But hey, you might ask, what about the F/A-18s and F-16s? These planes are kinda designed to fly upside down. And sideways. And in crazy vertical spirals. Shut up, I don’t care. Yes, it’s extremely fucking cool, I cannot deny that. But I still don’t like it. My brain has been conditioned to freak out at these antics and I kinda feel like everyone in aviation should feel the same way. But as it turns out, I’m actually an anomaly in my industry. Most ATCs love this stuff. Go figure. Look, I honestly do admire the hell out of the rockstar pilots that do these crazy manoeuvres, and I’m not ashamed to admit to fawning over the Australian Air Force Roulettes team when they landed at Albury airport while I was training there, back in the day. And OK, I do get a thrill when Al Fursan, the UAE’s air demonstration team, buzz the tower when I clear them to transit my control zone. But air show displays? I don’t like the risk involved. And it is risky.

My first exposure to an air show was in 1988 when Air France Flight 296 crashed at the Habsheim air show in France. I was 17 and it would be another nine years before I even got the twitch to be an air traffic controller. But I will never forget watching this A320, full of passengers, fly what seemed like a totally controlled trajectory right into a forest, before crashing into flames. It shocked me, and it actually still traumatises me to watch that video.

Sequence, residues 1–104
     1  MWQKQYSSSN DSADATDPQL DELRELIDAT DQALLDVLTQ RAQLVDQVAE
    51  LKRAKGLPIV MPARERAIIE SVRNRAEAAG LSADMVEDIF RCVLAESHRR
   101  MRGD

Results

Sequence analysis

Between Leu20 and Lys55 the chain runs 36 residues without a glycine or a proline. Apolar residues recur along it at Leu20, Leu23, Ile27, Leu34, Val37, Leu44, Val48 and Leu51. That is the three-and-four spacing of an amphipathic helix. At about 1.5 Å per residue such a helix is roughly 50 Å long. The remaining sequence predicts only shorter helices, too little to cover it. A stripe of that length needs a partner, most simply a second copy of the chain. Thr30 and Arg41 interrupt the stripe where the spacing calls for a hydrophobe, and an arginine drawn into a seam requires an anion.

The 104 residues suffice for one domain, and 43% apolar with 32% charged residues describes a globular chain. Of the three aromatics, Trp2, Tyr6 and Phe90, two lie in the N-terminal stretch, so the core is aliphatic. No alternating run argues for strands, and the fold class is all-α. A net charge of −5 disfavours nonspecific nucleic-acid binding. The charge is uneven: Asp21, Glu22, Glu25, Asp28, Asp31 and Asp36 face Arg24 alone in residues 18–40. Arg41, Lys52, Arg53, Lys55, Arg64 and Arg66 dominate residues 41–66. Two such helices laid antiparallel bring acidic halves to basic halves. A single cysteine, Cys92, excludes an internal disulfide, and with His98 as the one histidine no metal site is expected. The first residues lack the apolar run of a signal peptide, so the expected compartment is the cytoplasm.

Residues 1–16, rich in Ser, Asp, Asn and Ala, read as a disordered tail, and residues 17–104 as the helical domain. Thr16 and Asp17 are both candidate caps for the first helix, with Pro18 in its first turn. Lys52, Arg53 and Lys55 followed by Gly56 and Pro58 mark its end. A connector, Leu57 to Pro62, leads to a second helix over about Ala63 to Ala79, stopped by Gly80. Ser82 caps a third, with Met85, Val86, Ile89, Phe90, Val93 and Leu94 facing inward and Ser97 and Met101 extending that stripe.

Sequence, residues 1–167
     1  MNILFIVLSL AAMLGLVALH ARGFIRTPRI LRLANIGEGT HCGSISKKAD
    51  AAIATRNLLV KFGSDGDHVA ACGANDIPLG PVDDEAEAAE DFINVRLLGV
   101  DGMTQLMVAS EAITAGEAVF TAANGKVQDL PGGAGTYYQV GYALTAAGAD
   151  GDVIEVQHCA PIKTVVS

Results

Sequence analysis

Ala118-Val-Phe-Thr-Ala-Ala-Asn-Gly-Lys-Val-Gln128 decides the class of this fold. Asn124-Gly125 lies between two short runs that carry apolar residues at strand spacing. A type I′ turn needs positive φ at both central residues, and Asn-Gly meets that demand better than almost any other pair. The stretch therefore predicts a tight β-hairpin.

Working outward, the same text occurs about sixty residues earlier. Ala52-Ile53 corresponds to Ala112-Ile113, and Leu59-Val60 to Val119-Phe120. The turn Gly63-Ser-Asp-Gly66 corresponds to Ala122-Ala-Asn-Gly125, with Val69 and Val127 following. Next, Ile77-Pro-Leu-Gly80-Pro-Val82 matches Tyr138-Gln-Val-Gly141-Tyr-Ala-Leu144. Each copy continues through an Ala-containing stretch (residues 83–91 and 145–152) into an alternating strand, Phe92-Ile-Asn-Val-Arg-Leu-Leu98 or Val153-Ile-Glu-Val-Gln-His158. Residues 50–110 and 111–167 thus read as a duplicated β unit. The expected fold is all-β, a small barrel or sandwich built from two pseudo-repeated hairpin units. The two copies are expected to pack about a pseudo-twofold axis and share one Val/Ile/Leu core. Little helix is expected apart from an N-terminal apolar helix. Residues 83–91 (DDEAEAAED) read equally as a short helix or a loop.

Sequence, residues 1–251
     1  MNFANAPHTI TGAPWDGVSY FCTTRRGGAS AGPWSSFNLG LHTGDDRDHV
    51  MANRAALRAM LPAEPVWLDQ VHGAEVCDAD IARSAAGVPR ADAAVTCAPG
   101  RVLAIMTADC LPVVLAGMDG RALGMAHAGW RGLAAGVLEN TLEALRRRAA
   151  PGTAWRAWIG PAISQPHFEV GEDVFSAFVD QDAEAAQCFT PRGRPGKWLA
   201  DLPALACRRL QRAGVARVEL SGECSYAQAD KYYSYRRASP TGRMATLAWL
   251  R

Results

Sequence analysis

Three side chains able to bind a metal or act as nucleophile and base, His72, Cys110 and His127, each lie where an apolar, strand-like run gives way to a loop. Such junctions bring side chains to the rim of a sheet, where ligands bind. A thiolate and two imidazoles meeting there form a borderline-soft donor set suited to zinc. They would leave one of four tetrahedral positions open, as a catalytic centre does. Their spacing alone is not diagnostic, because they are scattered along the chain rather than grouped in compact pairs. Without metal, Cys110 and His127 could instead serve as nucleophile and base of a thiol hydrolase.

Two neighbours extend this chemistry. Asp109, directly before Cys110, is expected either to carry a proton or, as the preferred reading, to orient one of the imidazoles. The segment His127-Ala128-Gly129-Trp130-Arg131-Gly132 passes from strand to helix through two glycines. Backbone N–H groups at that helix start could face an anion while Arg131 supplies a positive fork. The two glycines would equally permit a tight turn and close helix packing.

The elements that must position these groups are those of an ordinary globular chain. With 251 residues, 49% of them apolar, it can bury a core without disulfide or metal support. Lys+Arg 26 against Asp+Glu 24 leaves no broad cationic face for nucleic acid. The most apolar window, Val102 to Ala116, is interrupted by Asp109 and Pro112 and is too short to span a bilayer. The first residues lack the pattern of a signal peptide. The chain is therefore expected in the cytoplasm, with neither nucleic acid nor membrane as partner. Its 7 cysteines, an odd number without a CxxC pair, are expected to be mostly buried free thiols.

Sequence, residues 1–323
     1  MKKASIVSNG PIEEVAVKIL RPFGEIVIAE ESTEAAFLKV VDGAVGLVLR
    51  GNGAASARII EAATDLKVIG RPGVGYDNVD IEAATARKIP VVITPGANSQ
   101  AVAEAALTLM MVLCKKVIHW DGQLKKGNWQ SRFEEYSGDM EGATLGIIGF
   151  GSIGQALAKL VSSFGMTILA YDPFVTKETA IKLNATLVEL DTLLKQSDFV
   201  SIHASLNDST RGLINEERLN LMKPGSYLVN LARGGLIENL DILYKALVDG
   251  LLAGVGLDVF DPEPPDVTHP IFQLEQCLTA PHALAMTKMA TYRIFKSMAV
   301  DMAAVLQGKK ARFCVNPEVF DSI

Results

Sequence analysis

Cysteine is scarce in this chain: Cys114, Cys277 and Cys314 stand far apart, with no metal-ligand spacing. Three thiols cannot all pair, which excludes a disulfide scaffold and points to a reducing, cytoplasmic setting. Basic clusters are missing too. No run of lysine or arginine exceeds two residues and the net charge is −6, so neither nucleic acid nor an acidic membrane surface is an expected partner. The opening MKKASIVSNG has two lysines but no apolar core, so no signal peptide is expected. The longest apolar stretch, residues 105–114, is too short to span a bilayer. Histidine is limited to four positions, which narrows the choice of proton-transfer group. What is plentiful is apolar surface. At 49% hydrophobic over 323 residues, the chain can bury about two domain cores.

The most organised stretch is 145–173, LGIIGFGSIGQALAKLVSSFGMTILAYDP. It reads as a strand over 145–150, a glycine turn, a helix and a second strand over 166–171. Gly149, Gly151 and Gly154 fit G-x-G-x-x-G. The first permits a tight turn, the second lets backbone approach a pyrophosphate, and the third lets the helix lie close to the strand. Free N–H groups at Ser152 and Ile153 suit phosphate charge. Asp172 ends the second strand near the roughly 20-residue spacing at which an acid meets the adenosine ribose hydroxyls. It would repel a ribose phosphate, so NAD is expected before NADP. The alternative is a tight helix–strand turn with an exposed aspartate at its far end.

There was a whole debate afterwards about what caused the crash but what struck me most was how unnecessary it was. Miraculously just three of the 136 people on board died, but sadly two of them were children who had won their tickets in a raffle. Jackpot??  I don’t think so.